What Greece Actually Got From the Eurogroup Negotiations


Friday’s crucial Eurogroup meeting belongs to history, after what was seen as a historic compromise for both the Eurogroup and a member-state of the single currency as well as a process during which Greece — according to its Finance Minister Yanis Varoufakis — had to encounter the apprehension of its 18 partners. Let’s have a look at what the Greek government actually got from the tight negotiation, as described in the text issued following its conclusion.

As declared, the new deal entails a four-month extension of the loan agreement without new austerity measures and a commitment that no unilateral actions will be taken.

The Greek government’s first gain has a semiological rather than a practical impact, as the EC/ECB/IMF mechanism ceases to exist and the term “Troika,” that gained negative publicity among the Greeks, although these “institutions” are still the ones to oversee the Greek extended loan agreement progress. Similarly, yesterday’s arrangement introduced the term “Master Financial Assistance Facility Agreement” (MFFA) that will replace the term “program.” Most importantly though, Greece, after avoiding the danger of a liquidity shortage that would occur at the end of February due to the current program’s expiry, has until Monday to present its own list of reform measures. These will no longer be agreed with the creditors, but will be designed by the Greek government, presented to the institutions and finally approved by the Eurogroup. This list will be further specified and then agreed with the institutions by the end of April.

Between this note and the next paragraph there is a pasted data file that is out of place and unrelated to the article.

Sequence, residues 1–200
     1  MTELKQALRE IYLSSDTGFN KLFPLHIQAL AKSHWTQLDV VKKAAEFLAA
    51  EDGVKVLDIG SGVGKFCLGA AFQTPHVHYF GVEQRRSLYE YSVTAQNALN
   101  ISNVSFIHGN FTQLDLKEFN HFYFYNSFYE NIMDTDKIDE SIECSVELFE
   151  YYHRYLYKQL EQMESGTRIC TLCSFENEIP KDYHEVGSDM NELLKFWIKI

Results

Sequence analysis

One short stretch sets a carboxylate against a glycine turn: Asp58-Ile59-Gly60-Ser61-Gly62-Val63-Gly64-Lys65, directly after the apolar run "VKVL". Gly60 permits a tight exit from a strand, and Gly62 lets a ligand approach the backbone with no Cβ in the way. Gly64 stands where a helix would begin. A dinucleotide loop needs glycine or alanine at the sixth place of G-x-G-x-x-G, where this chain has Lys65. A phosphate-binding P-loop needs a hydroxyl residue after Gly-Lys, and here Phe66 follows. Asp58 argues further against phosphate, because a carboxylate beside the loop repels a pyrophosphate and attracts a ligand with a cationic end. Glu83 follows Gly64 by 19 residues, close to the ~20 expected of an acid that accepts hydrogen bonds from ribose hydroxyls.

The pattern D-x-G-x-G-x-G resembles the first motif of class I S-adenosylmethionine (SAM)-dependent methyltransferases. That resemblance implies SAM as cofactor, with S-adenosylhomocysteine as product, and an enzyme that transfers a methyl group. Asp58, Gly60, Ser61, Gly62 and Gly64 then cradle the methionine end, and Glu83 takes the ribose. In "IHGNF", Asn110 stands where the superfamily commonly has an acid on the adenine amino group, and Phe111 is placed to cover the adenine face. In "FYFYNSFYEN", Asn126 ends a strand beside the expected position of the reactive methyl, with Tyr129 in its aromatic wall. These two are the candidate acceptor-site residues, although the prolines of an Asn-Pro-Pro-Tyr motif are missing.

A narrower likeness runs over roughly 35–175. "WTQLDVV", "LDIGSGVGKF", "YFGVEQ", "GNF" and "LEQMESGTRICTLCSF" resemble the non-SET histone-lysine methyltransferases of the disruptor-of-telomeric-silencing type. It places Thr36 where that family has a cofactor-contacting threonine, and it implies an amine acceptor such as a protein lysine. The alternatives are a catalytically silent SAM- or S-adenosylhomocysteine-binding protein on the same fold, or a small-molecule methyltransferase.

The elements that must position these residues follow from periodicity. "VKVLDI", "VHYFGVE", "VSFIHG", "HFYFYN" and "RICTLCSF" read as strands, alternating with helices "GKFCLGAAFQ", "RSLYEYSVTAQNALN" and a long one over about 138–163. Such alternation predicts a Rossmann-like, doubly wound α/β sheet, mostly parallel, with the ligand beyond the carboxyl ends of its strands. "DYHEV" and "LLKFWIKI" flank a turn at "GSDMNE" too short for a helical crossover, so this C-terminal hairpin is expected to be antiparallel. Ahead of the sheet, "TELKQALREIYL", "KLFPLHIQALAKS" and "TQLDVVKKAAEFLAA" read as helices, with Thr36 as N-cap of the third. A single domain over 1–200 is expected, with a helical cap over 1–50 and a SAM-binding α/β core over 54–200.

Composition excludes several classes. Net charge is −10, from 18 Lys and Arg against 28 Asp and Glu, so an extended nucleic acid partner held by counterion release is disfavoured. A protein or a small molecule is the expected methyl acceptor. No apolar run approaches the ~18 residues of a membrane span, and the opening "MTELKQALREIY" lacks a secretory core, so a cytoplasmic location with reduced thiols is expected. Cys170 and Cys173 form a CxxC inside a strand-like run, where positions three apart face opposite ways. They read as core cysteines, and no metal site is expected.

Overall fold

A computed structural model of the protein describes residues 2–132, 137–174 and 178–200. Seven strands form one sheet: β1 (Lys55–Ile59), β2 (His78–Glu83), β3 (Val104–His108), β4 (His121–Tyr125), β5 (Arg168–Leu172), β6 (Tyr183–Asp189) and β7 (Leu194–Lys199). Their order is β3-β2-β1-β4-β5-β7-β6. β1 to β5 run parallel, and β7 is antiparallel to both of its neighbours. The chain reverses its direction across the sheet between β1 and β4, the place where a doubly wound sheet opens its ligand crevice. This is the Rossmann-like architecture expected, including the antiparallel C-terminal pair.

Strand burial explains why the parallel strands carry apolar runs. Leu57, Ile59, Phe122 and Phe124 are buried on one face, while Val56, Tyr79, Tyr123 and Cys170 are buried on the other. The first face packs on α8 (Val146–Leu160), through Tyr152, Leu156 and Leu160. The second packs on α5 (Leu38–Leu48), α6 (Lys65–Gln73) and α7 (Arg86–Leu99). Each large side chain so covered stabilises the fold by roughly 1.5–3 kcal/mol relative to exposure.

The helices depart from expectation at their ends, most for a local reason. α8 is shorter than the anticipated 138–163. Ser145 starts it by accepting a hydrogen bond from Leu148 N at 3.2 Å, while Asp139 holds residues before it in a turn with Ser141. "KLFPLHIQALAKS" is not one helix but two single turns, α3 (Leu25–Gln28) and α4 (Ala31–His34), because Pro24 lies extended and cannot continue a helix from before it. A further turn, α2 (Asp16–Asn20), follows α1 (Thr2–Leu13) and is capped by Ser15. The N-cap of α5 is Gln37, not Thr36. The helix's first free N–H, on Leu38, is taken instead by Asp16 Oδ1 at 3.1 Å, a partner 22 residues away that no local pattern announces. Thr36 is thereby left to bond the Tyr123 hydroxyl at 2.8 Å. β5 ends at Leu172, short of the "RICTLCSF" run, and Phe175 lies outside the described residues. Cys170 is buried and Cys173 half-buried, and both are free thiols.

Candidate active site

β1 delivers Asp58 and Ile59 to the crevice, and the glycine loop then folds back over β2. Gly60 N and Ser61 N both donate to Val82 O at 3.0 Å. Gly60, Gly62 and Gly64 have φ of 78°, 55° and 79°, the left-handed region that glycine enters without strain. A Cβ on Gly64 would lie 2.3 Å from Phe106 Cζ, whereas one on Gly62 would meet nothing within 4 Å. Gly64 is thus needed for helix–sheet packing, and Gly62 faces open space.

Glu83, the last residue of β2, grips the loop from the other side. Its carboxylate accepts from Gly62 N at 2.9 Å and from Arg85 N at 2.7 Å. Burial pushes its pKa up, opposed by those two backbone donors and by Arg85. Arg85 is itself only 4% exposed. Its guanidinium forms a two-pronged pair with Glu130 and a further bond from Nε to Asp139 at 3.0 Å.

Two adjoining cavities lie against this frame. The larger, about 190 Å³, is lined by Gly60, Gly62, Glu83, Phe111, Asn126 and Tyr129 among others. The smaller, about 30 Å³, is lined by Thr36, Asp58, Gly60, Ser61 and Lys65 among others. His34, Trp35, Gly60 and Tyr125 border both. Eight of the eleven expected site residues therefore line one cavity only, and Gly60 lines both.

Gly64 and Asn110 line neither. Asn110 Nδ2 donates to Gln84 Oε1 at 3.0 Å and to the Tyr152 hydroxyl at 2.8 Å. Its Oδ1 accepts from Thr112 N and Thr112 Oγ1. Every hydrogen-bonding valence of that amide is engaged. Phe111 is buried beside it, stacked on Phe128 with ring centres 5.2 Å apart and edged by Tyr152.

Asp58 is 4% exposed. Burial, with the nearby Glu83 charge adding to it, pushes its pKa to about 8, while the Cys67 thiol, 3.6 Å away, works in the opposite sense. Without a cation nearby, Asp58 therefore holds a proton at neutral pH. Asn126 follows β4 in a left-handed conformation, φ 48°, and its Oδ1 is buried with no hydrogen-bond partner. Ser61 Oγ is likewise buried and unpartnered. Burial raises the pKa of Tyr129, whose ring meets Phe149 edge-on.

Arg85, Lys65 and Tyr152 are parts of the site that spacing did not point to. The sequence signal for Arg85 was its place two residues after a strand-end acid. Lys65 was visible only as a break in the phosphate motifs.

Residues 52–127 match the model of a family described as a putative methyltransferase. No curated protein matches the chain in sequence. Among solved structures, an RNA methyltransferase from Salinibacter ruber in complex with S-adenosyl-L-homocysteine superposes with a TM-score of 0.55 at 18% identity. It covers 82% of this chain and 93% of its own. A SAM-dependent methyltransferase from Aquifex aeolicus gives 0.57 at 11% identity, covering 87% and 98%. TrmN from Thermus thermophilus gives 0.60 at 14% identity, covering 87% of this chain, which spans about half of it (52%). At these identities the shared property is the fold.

All the above might appear as minor gains compared to the Greek voters’ expectations from the new government, although Varoufakis claims he got the most he could from a series of meetings, during which the attitude towards the Greek government was not ideal. In addition, he can also claim he was the one pulling Greece out of its isolation in Europe after five years of suffocating Memoranda agreed to by the previous government.